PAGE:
Spending on just Medicare and Medicaid in the president’s budget will increase from about $0.6 trillion in 2008 to $1.5 trillion in 2022, and even those figures are optimistic because the budget assumes that the arbitrary cuts in reimbursement rates for those providing services to Medicare patients can be sustained, in direct contradiction to the warnings issued by the administration’s chief actuary for the Medicare program.

According to the president’s numbers, the annual budget deficit would shrink nonetheless, from 8.5 percent of GDP in 2012 to 2.8 percent in 2022. If not from entitlements, where does this supposed deficit reduction come from? Two sources: higher taxes and deep reductions in defense spending.

The president wants to push through another round of massive tax hikes, to pile on top of the nearly $600 billion in tax increases over the coming decade that he already pushed through as part of the health care law. Together, these tax hikes plus the assumption of normal economic growth would push total federal revenues in 2022 to 20.1 percent of GDP, more than 2 percentage points above the average from the last four decades. The U.S. has never maintained tax collection at such a level on a sustained basis.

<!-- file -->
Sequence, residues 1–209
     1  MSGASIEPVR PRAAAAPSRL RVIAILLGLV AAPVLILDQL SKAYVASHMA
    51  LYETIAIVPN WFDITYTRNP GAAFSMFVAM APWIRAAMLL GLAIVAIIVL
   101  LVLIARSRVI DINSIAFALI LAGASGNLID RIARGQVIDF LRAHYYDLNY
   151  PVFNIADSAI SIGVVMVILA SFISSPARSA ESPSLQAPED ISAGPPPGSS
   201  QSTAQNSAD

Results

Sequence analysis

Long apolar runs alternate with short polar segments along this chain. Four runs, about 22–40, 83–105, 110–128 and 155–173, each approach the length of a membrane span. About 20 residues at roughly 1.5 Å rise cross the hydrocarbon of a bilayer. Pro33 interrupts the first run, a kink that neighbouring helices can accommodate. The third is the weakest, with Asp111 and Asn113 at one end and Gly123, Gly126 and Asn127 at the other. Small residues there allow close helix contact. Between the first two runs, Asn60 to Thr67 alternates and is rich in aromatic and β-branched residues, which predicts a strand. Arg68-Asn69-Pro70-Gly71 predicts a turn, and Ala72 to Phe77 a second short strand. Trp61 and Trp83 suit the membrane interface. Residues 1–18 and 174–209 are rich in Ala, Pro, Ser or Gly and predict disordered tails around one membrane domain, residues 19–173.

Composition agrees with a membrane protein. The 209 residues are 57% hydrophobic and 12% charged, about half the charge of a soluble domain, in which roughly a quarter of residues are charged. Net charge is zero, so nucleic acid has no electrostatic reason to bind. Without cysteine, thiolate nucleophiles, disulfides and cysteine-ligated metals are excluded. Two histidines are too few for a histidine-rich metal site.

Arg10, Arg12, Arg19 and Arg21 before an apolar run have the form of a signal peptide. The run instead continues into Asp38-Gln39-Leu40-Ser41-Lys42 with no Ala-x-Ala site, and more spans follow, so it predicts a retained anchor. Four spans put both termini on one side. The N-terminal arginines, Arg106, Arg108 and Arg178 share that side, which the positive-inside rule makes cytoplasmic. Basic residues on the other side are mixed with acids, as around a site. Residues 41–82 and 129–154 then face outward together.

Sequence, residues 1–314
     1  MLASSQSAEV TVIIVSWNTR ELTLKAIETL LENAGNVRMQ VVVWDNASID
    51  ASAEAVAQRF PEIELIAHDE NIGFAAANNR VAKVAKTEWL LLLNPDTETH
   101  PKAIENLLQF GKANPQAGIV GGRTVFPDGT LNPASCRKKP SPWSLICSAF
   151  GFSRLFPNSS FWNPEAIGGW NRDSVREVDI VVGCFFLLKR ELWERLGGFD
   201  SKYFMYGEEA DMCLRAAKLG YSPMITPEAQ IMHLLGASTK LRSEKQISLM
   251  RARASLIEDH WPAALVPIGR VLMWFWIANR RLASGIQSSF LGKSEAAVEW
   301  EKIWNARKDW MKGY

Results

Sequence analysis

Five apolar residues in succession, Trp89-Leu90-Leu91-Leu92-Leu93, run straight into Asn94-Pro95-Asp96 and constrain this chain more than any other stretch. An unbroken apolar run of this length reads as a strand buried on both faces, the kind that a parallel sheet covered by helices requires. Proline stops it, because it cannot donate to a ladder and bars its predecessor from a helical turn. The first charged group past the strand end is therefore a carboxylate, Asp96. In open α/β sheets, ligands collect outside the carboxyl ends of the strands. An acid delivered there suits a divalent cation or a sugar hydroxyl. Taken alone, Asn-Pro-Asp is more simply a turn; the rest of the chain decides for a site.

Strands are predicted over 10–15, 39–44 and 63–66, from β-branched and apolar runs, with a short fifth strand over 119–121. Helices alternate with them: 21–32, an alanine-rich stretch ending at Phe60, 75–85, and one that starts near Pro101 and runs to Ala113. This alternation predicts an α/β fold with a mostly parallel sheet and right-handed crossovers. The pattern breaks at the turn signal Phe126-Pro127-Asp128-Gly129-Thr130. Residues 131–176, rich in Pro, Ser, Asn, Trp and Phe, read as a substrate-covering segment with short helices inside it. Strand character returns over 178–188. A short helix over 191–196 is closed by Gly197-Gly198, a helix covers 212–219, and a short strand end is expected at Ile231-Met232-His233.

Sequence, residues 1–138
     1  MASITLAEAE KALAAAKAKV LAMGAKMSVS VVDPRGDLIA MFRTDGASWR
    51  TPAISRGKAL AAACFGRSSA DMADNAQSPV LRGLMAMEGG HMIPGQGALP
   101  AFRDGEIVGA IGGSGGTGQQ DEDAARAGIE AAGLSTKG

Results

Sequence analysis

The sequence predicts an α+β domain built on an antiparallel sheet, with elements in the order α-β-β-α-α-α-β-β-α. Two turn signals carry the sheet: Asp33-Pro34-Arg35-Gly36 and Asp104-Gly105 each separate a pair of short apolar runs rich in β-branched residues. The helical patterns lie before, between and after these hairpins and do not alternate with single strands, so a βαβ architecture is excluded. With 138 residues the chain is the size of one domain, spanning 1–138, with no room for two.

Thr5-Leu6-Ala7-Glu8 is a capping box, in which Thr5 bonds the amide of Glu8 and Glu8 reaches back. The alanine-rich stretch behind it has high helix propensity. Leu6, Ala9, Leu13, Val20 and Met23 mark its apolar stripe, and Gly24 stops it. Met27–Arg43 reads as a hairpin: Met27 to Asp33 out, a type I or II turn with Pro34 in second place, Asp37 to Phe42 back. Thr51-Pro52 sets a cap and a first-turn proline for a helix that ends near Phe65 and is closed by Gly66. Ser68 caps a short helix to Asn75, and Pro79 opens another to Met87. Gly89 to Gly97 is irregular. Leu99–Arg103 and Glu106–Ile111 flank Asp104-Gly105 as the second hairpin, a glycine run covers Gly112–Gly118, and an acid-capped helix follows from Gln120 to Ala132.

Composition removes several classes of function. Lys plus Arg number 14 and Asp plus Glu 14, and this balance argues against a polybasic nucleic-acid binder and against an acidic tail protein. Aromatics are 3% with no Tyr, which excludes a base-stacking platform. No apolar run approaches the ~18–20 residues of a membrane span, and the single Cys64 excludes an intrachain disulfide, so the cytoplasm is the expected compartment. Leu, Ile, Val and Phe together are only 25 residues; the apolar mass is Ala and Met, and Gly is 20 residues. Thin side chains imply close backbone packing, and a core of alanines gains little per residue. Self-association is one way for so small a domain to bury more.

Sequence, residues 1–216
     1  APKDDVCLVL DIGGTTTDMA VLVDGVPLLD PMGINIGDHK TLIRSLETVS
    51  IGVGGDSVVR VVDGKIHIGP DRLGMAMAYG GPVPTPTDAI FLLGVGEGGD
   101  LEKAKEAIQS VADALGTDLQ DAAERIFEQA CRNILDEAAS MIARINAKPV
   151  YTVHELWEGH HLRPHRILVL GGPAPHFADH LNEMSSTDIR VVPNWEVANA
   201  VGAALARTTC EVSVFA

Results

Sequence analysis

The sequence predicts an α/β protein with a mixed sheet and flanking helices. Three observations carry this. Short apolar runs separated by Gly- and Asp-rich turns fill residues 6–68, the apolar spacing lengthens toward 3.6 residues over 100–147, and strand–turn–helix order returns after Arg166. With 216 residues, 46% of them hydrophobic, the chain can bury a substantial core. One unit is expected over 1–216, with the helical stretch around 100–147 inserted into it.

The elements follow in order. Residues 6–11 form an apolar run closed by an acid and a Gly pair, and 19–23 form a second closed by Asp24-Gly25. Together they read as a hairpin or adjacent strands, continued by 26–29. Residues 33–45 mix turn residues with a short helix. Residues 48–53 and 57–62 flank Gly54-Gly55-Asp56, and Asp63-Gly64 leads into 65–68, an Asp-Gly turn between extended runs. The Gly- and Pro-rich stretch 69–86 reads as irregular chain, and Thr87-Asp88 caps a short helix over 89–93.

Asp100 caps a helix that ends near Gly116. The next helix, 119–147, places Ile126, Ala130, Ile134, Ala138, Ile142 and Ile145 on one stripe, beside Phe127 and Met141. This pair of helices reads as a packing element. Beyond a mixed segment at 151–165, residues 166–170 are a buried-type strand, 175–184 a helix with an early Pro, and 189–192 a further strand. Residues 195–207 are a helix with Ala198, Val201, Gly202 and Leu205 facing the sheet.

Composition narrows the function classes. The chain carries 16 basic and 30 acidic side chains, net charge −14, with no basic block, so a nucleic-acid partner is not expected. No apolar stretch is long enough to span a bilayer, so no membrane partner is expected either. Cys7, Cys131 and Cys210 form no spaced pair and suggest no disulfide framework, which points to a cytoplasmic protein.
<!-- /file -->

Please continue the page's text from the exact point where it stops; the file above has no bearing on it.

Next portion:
At the same time, the budget calls for severe cuts in national defense and security spending, from 5.6 percent of GDP this year to 3.4 percent in 2022. Of course, reducing security spending by more than a third over the coming decade would unquestionably improve the nation’s budget outlook. But such a downsizing could only occur if a highly unusual period of tranquility suddenly materialized across the globe. If, on the other hand, the next decade in world history is more like what it has been for millennia, then it would be both financially foolish and utterly irresponsible to claim credit for a fictitious “peace dividend” in outyear budget projections. But, of course, that’s exactly what the Obama budget does to make the deficit forecast look better than it really is.

When the unprecedented tax hikes and the unrealistic defense cuts are set aside, it’s clear that the Obama budget would put the country on a path to fiscal ruin. In 2022, if taxes stay at their historical level and defense spending is held constant with today’s level, then the deficit in the Obama plan would be 7.1 percent of GDP instead of 2.8 percent—well above the level that would be dangerous for the U.S. economy if sustained over several years.